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Secrets of the Unity Animation View
by Will Hendrickson on 12/20/13 12:57:00 pm   Featured Blogs

The following blog post, unless otherwise noted, was written by a member of Gamasutraís community.
The thoughts and opinions expressed are those of the writer and not Gamasutra or its parent company.

 

While developing games with Unity, I was always looking for ways to build them faster, smarter, and with less repetitive effort. I found that, but only later after trying a number of things that didn't work, and I'd like to share some of my experience with you.

My first instinct was to use a visual scripting system to simplify the task of developing gameplay. This worked, in the beginning, but as the complexity of the game or even a single feature increased, the visual scripting systems became less and less adequate, until eventually they simply couldn't handle the complexity of the overall game. The bottom line is, these are great for simple things like infinite runners or basic physics games. But, if you want something more complex, you need something more powerful. There is scripting, of course, and complex scripts can take care of everything. But, what if you only want to have to create some basic script functionality?

What I found was that I often wanted a series of events to occur in a particular order. Play a sound, then spawn the bad guys, and finally create a boss. Play an animation, a sound, and a bit of code to change the scene. Move the platform into position, play some particles and light, and wait for the player. Etc...
I remembered, from reading the Unity doc, that script functionality could be called from the Animation view. And, I began finding scripts that had useful functions that I could call and send info to, and stringing them together into a Logic Sequence.

It all depends on the way you set up your prefabs. For example, did you know that you can create advanced things like security cameras and area spawners and even shadows on the indie version of Unity without scripting or using visual logic editors like Play Maker? You can create entire games without programming already by getting Asset Store packages, but most people don't realize you can customize the flow of the game using the Animation view.

Many games through gaming history and even today use timeline-based sequences to control the flow of the game. Unfortunately, many developers are unaware of the power of the Animation window and some even spend a large amount of time and money developing custom editor tools!

Unity comes with a large number of built-in features that can be developed without scripting to create interesting simulations. By using the Standard Assets package and the Animation window, you can create basic exploration and puzzle games without scripting. With some practice, these can become quite fun especially when using cool Unity features like Interactive Cloth-based soft body physics or springs and hinges.

Ok, enough about the virtues of the feature, let's learn how to do it!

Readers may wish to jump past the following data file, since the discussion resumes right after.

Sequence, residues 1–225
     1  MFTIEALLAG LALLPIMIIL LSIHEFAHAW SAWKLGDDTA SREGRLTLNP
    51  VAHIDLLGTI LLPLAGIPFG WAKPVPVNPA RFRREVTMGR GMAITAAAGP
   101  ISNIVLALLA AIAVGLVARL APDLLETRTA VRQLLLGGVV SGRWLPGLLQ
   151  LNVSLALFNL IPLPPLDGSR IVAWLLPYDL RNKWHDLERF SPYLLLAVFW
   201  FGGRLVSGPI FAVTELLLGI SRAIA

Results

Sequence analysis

Example,  Day/night cycle:
1.    Open the latest version of Unity. As of this writing, 4.3.
2.    Click Window -> Animation
3.    Dock it to the bottom of the screen.
4.    Create a directional light, name it something appropriate
5.    Click on the small gear next to the blue book in the top right of the Transform component, and click Reset
6.    With the directional light selected, move your mouse over the Scene view and press F
7.    Then press E
8.    Then, while holding [ctrl] on Windows/Linux or [CMD] on a Mac, grab the green ring and rotate it until the y = -90
9.    Click Assets -> Import Package -> Lens Flares
10.    In the inspector, Click Add Component -> Effects -> Lens Flare
11.    Assign a Flare to the Lens Flare component by clicking the dot to the right of the value. This will represent the sun.
12.    Make sure "Directional" is checked
13.    Set up the layers the flare should ignore. These should not be the colliders that you want to block the sun such as terrain, buildings etc
14.    You may also tweak the starting color and brightness of the flare, as well as the light itself. This should be set up nicely until it looks like a sun on the horizon. No SkyBox. We will animate the camera's "Clear Color" property instead, to represent sky color and add some particle clouds if we want. This will create a nice procedural and semi-volumetric sky effect that is good even for flying games.
15.    In the top left corner of the Animation Window, click the small red recording button, and save the new Animation clip in an appropriate folder in your project
16.    Click the "Curves" button, and add the following:
A. Transform -> Rotation
B. Lens Flare -> Brightness
C. Lens Flare -> Color
C. Directional Light -> Color
17.    Select "Rotation"
18.    The "Scrub Bar" is the time line at the top of the Animation window, clicking in it sets the Current Frame, indicated by a red line. By holding [CTRL] or [CMD] for mac, you can zoom out by time. By holding [SHift] you can zoom by value.
19.    Zoom out by time and set the scrub bar to 30 seconds
20.    Change the rotation to 90, -90, 0. This creates a new keyframe at 30 seconds and records the new values automatically.
21.    Set the scrub time to 60 seconds
22.    Change the rotation to 180, -90, 0
23.    In similar fashion, animate the remaining curves.
24.    In the Animation window, press the small play button. This will not play the game but will instead allow you to preview the sequence.
25.    Change until satisfied. You can make a night time cycle by adding more keyframes and setting dark blue light and sky color, and flare brightness to 0. If a property gets animated and you don't want it, right click it in the Animation window and click "Remove Properties"